Whether you’re training for a marathon, building houses, crunching numbers, or digging through a mountain of laundry …ask Jesus to adjust the fit. Children discover their passions by watching us let Him fit us to ours.

Jesus ushered in a new era. Life isn’t a Browns draft failing to produce a quarterback yearimage after year. (As a hometown Clevelander and life-long Browns fan, I’m allowed to say that.) Sit down, and let Him fit your feet.

Happy Strides,

Megs

imageMy long-time friend, Cherie, is the picture of perseverance as I type this, crossing the finish line of her first marathon. She has not just run through pain, but lived through it. A survivor in so many ways, never giving up …and always full of joy. A Mom showing her little boy anything is possible, and a light to everyone that knows her. Thank you for inspiring me with your constant kindness and positivity. Forever thankful to call you “friend.”  

The Good Sick Day 

The gagging rapidly approached. I shot up from a deep sleep to dig defensively against my exhaustion. The bright red clock glowed, “4:30 AM.”

“MO-GAG-MMY-GAG,” my daughter heaved. “I-GAG-DON’T-GAG-FEEL-GAAAAAAAAAAGGGGGGGG…”

Up and out to usher her away from my room, I prayed my toes would remain in tact and my shins wouldn’t be shattered by the debris of low lying furniture that littered the route to the hallway. Our eyes squinted in protest but my heart jumped for joy when we made it to the bathroom without any projectile fallout.

“Why did you pass the bathroom to run to my room?” I asked her as pulled her new, short hair-cut back. She smiled and started to giggle, and then whatever was ailing her finally released. Bleh. The “every thirty minute” trip to retrieve water sips ensued; and as I attempted to sneak in some sleep between changing trash-can bags, the dim glow of dawn lit.

imageHer sickness seemed to fade rapidly as we pulled away from dropping her little sister off at school, and I was serenaded while she “rested” to the tune of Barbie’s shenanigans. If not for witnessing the vomit first-hand, I’d have pronounced her a big fat faker.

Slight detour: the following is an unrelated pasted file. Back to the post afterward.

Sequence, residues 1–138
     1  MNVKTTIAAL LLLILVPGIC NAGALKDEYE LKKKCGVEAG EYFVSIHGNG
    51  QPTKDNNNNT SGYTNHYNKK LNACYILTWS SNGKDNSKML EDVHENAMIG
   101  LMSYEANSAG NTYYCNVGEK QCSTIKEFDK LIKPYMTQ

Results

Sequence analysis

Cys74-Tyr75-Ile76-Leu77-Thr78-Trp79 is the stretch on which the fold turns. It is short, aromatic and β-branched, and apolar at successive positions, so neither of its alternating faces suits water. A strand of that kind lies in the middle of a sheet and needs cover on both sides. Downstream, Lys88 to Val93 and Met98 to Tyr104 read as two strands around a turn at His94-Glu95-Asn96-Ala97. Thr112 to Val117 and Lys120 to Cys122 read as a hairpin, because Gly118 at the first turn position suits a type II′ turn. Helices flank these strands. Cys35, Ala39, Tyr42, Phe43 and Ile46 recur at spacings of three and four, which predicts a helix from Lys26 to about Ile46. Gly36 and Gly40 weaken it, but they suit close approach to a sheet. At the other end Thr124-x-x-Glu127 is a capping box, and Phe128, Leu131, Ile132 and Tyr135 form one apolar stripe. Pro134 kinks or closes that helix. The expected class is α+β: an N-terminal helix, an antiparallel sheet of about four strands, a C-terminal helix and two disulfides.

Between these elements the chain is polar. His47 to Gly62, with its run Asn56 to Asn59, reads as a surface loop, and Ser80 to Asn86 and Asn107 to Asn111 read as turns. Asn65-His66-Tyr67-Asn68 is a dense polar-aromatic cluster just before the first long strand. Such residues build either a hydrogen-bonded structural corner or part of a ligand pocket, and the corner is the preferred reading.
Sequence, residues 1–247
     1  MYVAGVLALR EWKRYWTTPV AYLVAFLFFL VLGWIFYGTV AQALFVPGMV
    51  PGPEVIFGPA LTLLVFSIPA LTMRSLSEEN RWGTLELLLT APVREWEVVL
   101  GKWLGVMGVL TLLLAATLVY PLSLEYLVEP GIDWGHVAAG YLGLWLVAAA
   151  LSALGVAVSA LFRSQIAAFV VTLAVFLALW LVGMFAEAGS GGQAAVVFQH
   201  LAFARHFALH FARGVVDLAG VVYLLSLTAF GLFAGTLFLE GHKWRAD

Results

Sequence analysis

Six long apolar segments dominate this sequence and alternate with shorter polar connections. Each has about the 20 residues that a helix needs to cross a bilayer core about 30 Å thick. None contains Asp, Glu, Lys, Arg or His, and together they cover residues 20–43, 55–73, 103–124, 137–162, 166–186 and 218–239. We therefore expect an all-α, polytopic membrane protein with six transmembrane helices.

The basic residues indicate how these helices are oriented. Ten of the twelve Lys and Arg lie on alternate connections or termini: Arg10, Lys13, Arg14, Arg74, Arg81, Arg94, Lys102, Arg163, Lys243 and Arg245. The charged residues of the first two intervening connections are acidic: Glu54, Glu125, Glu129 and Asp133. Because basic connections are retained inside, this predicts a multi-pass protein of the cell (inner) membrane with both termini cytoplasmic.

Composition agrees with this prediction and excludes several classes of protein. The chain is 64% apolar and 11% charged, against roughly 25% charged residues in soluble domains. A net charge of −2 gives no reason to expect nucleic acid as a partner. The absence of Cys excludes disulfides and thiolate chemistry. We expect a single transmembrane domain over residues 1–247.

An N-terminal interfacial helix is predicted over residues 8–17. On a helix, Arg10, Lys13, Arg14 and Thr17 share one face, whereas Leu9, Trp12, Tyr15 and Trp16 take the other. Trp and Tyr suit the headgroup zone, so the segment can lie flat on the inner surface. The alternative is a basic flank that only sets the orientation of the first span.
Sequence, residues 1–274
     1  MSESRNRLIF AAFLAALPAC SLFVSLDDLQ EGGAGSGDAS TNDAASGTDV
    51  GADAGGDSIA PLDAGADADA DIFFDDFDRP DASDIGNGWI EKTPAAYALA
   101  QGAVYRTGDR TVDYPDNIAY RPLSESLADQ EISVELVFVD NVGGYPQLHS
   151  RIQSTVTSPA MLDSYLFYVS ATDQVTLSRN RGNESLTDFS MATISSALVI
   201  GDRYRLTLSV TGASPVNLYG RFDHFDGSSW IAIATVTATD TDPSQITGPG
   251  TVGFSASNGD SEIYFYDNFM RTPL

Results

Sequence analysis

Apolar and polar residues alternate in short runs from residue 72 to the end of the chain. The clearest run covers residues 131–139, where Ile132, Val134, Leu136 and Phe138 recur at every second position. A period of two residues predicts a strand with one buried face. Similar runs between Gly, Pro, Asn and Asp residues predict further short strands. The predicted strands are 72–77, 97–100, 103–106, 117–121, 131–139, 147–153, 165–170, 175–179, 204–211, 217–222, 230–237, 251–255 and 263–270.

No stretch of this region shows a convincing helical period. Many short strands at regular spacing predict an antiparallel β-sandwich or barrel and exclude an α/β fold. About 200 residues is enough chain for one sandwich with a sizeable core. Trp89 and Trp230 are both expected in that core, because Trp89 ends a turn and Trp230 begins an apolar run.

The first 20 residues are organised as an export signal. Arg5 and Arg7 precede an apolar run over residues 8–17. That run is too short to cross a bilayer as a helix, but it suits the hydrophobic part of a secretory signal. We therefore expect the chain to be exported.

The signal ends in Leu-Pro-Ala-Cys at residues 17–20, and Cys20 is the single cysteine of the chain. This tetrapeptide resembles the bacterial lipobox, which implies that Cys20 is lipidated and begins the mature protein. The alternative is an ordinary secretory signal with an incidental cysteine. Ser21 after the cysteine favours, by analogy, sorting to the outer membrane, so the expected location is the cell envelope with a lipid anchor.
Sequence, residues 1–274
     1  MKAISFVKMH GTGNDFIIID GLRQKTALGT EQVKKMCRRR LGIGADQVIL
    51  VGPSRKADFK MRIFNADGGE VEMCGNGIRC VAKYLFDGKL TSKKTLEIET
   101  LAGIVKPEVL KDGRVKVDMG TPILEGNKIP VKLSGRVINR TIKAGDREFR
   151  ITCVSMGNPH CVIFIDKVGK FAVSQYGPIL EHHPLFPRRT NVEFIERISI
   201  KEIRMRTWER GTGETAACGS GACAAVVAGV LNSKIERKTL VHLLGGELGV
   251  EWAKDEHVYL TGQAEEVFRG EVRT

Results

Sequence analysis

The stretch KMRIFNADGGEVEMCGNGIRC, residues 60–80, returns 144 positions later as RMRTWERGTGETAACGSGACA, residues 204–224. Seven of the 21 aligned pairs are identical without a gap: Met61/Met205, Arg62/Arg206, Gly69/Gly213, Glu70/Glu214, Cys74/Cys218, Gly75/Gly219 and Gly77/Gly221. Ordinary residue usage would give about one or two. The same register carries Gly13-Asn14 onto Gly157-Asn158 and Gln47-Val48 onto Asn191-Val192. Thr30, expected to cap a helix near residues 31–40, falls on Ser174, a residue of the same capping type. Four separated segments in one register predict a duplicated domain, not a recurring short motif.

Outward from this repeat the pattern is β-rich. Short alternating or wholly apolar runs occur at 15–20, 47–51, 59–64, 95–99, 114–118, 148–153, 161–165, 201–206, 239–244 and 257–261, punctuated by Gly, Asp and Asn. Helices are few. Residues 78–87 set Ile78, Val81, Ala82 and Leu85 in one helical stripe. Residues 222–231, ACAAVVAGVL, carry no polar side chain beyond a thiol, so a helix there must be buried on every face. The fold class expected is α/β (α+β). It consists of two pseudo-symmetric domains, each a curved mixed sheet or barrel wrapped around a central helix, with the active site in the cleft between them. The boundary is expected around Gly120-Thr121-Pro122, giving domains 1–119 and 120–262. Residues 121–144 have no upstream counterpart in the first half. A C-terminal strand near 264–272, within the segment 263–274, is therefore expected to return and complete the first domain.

We sat to chat …laughed …sorted through her bookshelf …ate lunch …watched a movie …took the dog for a pier-walk …and went shopping. Cuddled up on the couch that night, I knew God had gone above and beyond answering my prayers for her healing. I silently celebrated the scenery of a Spirit-led day, that lent me the time to witness my rapidly maturing little girl grow up a bit …right before my eyes. #gift

To live in the motion of The Holy Spirit, replace your race with a pace to match His stride. It’s a humble walk, painfully slow at times, but always moving forward. Like the rhythm of a runner’s depart from the start, we can establish a pattern to race with the Spirit as He moves.

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Let’s learn how to harness a “good sick” day, by investigating an amazing verse.

1. On your mark…

“Here’s my instruction: walk in the Spirit, and let the Spirit bring order to your life.” Galatians 5:16a(Voice)

If I break into a full sprint without running things by God, I may appear very busy and productive …but I assure you it’s masking a disheveled and over-tasked mess. Breaking time off to have a real conversation with Him sets the tone for my day and signals the Holy Spirit to start translating.image

When words to describe what we’re going through aren’t present in our vocabulary, or we lack the motivation to mumble what words we do know how to string together, the Spirit relays our message to God. (Romans 8:28) The One who speaks life has an infinite vocabulary.

“Let the Spirit direct your lives.” Galatians 5:16a (GNT)

Start talking to God about life. Through Jesus’ death on the cross, we have full access to the Author…and Translator. #prayaboutit

2. Set…

Being set to launch life the way God intended us to live it requires reading the Bible. What good is the answer to life if we never hear it? The Spirit aides our interpretation (John 14:26) of God’s living Word (Hebrews4:12), and a conversation is born.

“Let the Holy Spirit lead you with each step.” Galatians 5:16a (NLV)

It seems less daunting when broken down into footsteps. God isn’t calling me to change my personality, He’s asking me step into the ingenuity He laid into my life’s foundation. God’s Word reliably directs my footsteps with the disciplinary truth my heart needs to digest His love and direct my steps.